The aim of the Java translation was then to generate a frame-based animation from output "similar" to that produced by the original program. The four subroutines IDST, IDEND, ADVFLM and VECTOR defined in BAS code were replaced by code that recorded the routine invocations and argument values in a trace file. IDST and IDEND were microfilm recorder initialisation and termination routines that could largely be ignored. ADVFLM(1) advanced the film one frame. VECTOR drew a vector from (XS, YS) to (XF, YF) in the 1023 by 1023 coordinate system. Debugging via a trace file helped us understand how the program worked. The trace file was then converted to Scalable Vector Graphics (SVG) line drawing elements for display. Using SVG's visibility controls, we could run through the frames, 24 per second or a frame at a time. We discovered some transcription errors in the data cards and worked out some subtle changes such as the solipede swallow. Buttons and JavaScript code were added to update the animation at 24 frames per second or to single-step one frame at a time.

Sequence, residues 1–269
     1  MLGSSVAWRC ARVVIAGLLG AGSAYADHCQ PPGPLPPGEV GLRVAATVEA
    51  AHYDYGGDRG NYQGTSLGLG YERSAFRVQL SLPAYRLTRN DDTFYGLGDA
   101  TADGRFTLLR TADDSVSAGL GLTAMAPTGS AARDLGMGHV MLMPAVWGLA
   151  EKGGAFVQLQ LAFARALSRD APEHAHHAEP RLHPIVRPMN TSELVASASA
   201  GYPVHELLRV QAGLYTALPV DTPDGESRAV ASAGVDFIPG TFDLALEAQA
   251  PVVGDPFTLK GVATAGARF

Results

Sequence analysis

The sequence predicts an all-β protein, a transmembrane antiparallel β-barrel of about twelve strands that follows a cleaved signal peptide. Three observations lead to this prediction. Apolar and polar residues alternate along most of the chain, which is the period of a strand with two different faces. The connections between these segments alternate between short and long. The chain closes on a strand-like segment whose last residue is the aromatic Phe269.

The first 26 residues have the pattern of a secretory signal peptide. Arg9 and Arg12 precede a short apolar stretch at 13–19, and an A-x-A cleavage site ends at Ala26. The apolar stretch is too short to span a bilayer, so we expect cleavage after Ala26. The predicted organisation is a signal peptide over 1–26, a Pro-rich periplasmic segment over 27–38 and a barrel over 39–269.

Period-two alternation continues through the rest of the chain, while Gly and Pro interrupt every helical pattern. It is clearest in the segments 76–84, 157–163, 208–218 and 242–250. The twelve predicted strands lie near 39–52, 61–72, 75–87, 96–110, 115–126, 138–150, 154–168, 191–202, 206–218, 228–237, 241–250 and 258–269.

Screen shot of the animation control panel

Animation Control Panel

5. Reprogramming Flexipede in SVG

5.1 Body Parts

The body parts are defined by the arrays BODY, SOLIBOD, FOOT, SKULL, DJAW, EYE and PAD at the beginning of the program:


The SKULL and JAW are separate so that the flexipede can open up its head to swallow the solipede. Only the first two lines of the eye are normally drawn but the full eye is drawn when the solipede passes overhead. PAD is the suction end of the flexipede's tongue.

5.2 Story Board

The storyboard of the animation is quite simple where the numbers indicate the number of frames of the activity: (1) Flexipede lumbers across screen from Left to Right (420 then 24 blank), (2) Solipede bounces across from Right to Left (150 frames then 24 blank), (3) Flexipede returns from R to L, stops as solipede bounces over its head, continues off R (100, 120, 300), (4) Solipede bounces fast from R to L and starts returning L to R when it is caught by a large tongue (34, 14, 2), (5) Pause then pan and zoom showing the long tongue of the flexipede and another pause (24, 40, 24), (6) The flexipede's jaws open, hold, tongue pulls solipede in, it is then swallowed (gulp) increasing flexipede's size by one segment, jaws close, hold, (52, 24, 3, 24, 24, 44) (7) The satisfied flexipede crosses from R to L (270). The flexipede and solipede sizes change on each crossing.